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Beit Midrash Torah Portion and Tanach Vayeshev

Don't Settle for Less!

Rabbi Stewart WeissKislev 24 5781
12
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We have often noted that the first word in any Sedra is the key to understanding the action that occurs within. Our Sedra is no exception. The parsha begins, "Vayeshev Yakov b'eretz m'guray aviv, and Yakov settled in the land of his father's travels (in the land of Canaan)." The key word here is "settled."

Rashi brings a Midrash: After all his trials and tribulations - his strife with Esav; his struggle with the angel as well as with his conniving father-in-law Lavan; the kidnapping and rape of Dina - Yaakov wanted to finally settle down in tranquility, but Hashem had other plans for him. "Is it not enough - that which awaits Tzadikim in the World to Come - yet they seek serenity in this world, too?!" ask G-d incredulously. And so, there follows not retirement for Yakov, but the tumultuous saga of his son Yosef’s sale and saga in Egypt.

The message being sent here is that it is not the Jewish way to "settle," to seek or accept inactivity or stagnation; to simply fade away into obscurity. Rather we must utilize every day, every moment, every opportunity we have for additional growth and accomplishment. Moreover, it is davka the challenges and the tough tests which come our way that most serve to strengthen us, that propel us to new heights, that define us. If you move, if you react, you are alive - but if you are dormant and still, you are basically dead.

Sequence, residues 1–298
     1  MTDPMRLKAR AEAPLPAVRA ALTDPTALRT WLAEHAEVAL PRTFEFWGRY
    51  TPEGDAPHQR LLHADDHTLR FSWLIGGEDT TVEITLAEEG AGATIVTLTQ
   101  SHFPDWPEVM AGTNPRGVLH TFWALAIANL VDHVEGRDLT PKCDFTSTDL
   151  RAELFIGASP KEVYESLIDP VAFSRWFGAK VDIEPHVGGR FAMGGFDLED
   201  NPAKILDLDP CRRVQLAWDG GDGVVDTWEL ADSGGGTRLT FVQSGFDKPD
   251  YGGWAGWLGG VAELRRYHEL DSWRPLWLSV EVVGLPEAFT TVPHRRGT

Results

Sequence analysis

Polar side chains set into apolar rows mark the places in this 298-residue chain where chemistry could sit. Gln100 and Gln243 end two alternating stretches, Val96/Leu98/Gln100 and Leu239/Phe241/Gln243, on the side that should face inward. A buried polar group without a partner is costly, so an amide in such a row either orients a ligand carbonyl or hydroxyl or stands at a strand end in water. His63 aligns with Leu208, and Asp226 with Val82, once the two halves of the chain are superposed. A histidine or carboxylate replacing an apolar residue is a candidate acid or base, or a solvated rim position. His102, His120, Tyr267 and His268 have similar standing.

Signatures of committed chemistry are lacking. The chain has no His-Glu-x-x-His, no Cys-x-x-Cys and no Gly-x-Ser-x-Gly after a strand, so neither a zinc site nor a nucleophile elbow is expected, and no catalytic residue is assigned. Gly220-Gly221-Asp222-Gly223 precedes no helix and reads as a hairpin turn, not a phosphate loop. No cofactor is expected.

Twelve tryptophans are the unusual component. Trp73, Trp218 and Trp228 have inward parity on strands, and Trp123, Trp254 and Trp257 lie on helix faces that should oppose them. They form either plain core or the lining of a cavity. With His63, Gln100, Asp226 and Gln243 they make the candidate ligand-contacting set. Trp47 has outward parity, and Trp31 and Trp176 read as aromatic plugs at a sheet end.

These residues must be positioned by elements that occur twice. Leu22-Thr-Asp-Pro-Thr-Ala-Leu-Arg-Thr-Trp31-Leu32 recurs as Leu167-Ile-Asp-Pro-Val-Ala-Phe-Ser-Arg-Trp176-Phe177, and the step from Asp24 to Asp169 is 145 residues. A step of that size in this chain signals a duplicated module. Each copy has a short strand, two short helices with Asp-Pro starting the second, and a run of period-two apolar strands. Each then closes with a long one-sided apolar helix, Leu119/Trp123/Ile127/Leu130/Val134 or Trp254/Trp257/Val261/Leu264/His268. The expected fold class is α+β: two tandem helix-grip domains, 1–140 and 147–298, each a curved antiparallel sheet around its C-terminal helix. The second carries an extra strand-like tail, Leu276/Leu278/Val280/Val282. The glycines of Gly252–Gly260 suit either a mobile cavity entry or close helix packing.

Thank about where innovation and progress come from; usually it stems from a crisis or a seemingly-impossible challenge. It was the military, for example, that we credit for the World Wide Web, or Internet, which evolved from the U.S. Defense Dept. project in the late 1960's to connect multiple computers in order to communicate on a single network. The "space race" led to developing satellites, which enabled the creation of Global Positioning Systems (e.g. WAZE), enhanced smart-phone communication, and now sophisticated drones. And no doubt the Corona epidemic will lead to many advances in medical science.

While Yaakov endured terrible turmoil due to Yosef's disappearance, which was followed by our descent into Mitzrayim and Egyptian slavery, it would all lead eventually to our miraculous liberation, to the giving of the Torah and our return to Israel. It would serve to steel us for any and all future calamities and captivities that might confront us.

Yaakov, we're told, "settled" in his father's land. Let us recall that Yitzchak settled in G'rar (BR. 26:6, "Vayeshev Yitzchak b'Grar," tied for the shortest pasuk in the Torah!). "G'rar" in today's Hebrew, means "towed." I suggest that Hashem is telling us that we must keep on going, come what may, and that if we stop, He will do what it takes to make sure we continue moving to where we need to go, even if He has to tow us!
Rabbi Stewart Weiss
Was ordained at the Hebrew Theological College in Skokie, Illinois, and led congregations in Chicago and Dallas prior to making Aliyah in 1992. He directs the Jewish Outreach Center in Ra'anana, helping to facilitate the spiritual absorption of new olim.
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